Back in the 1920s, literature teachers and professors of America were in an uproar.

The burning issue was the fear that standards would deteriorate if teachers began using contemporary literature by novelists like Henry James, Theodore Dreiser, Upton Sinclair and Sinclair Lewis and by poets like Carl Sandburg, Amy Lowell and Ezra Pound.In the end, the barbarians were allowed through the gates, and the world survived.

Now, there is again much sound and fury about the destruction of the traditional literary canon - this time with multiculturalism often cast as the culprit. But two recent reports on what high school and college students read in class have found that they are apparently reading pretty much the same things their parents did.

The ruckus now seems less over what has changed than over what some fear may change.

The Modern Language Association of America released a survey in December of 527 English departments at two- and four-year institutions. The study, conducted in the 1990-91 school years, found that the writer most often included in American literature survey courses was Nathaniel Hawthorne, whose work was taught in 66 percent of courses. The list, in order of frequency, continued with Herman Melville, Walt Whitman, Emily Dickinson, Mark Twain and Ralph Waldo Emerson. The names of 20 white authors, 17 of them male, appeared on the list before that of the first black writer, Frederick Douglass.

In British literature survey courses, the most frequent authors began with Geoffrey Chaucer and went on to include William Shakespeare, John Milton, William Wordsworth and Alexander Pope. (The reason Shakespeare was not first, researchers say, is probably because he is so widely taught in separate courses that some survey courses leave him out.)

At almost the same time, the College Board released a report on the vocabulary in reading materials used by high school and first-year college students. Its listing of the authors whose work was most widely taught began with Twain and continued with Hawthorne, Ernest Hemingway, Charles Dickens, Shakespeare, John Steinbeck and F. Scott Fitzgerald; the first nonwhite writer on the list, Ralph Ellison, ranked 33rd.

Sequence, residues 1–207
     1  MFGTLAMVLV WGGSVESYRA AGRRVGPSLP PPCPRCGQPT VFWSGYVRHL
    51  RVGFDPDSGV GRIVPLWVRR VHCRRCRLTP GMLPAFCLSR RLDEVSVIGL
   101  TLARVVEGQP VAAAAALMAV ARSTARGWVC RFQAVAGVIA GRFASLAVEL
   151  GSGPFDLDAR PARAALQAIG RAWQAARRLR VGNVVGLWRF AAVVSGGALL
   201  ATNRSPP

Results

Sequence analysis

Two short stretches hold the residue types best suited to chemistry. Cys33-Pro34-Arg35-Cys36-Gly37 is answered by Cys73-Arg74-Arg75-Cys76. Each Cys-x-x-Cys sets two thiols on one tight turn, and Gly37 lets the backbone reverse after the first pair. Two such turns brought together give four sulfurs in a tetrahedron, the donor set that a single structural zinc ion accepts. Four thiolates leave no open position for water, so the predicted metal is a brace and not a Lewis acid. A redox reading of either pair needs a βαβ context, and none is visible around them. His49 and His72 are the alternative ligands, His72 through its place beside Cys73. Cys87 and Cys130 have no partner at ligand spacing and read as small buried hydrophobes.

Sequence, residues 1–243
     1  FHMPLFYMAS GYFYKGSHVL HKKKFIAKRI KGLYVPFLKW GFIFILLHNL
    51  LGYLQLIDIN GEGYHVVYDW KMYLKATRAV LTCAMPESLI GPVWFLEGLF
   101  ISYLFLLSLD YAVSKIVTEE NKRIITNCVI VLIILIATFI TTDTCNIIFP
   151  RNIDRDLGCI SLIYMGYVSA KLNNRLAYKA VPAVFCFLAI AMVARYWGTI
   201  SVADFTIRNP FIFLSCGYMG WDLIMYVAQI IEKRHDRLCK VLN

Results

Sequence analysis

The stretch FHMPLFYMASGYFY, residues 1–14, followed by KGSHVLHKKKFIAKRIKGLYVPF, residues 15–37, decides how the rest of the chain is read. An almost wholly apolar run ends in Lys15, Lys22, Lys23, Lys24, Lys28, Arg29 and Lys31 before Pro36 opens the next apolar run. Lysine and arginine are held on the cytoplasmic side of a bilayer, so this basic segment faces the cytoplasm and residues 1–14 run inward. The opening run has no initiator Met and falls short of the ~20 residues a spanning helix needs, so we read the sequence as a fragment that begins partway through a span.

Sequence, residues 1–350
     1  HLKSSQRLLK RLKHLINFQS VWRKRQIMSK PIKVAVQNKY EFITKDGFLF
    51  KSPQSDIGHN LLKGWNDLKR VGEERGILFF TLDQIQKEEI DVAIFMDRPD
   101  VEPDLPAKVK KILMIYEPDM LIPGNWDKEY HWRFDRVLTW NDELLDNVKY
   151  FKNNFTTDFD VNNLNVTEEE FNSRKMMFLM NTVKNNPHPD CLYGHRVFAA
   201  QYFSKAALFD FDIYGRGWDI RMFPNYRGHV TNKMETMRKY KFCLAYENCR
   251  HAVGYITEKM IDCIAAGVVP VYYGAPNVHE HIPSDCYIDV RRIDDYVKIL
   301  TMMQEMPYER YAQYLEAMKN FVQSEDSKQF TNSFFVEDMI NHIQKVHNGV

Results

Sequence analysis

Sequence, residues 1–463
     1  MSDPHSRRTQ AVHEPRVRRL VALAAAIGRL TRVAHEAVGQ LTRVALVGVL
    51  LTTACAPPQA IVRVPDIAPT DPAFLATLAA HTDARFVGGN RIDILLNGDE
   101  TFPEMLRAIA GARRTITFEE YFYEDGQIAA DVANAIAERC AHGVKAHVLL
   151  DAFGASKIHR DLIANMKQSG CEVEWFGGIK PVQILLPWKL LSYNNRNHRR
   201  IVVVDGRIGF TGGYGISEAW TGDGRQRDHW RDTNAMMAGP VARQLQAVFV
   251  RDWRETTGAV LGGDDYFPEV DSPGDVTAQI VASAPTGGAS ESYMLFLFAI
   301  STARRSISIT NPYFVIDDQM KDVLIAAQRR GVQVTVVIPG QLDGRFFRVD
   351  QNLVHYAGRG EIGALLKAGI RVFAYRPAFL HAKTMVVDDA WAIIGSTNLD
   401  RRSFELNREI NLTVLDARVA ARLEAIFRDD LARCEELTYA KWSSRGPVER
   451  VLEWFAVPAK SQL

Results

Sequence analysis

The list of books most widely read began with "The Scarlet Letter" and continued with "Huckleberry Finn," "The Great Gatsby," "Lord of the Flies," "Great Expectations," "Hamlet," "To Kill a Mockingbird," "The Grapes of Wrath," "The Odyssey" and 39 others before a work by a nonwhite author, Richard Wright's "Black Boy," appeared.

Neither study is totally up to date. The College Board used various sources, perhaps the most important being a survey done in the spring of 1989 and published in 1991 by Arthur N. Applebee, director of the National Research Center on Literature Teaching and Learning at the State University at Albany.

But Applebee said it was not likely that the findings now would be enormously different.

"We thought we would be tracking change, and, in fact, there wasn't much change," he said. "I think what happened was that the debate about what's taught was largely triggered by proposals for change, rather than by specific, real changes that actually occurred."

Applebee said there were many reasons change often trailed the public's perception of it. It takes years for publishers to print and for schools to buy new reading materials and textbooks. Even then, publishers are likely to take a conservative approach, rather than risk losing their old customers. And communities and school boards, particularly in the current politically charged atmosphere, he said, are far more likely to opt for the safe and familiar than the risky and new.

It is true that neither study provides a complete picture of what students read. And at the college level, where required courses have dwindled over the years, what is taught in specialized courses based on, say, sex or ethnic issues, may reach more students.

The low frequency of citations for black authors partly reflects the degree to which there is no consensus on who should be taught, researchers say, so writers like Toni Morrison, Richard Wright, Ralph Ellison, Langston Hughes and James Baldwin may all be taught in different places, but none so frequently as to rank higher on the list. Yet the language association's study indicates that once-rare courses on female writers or writers from ethnic minorities have found a firm foothold on campuses.

Phyllis Franklin, the executive director of the language association, said, "The way I read it, what's happening now is congruent with what has happened over the century that the MLA has been around, which is to say that the literary canon, the books and authors taught, changes with some regularity, but only around the edges."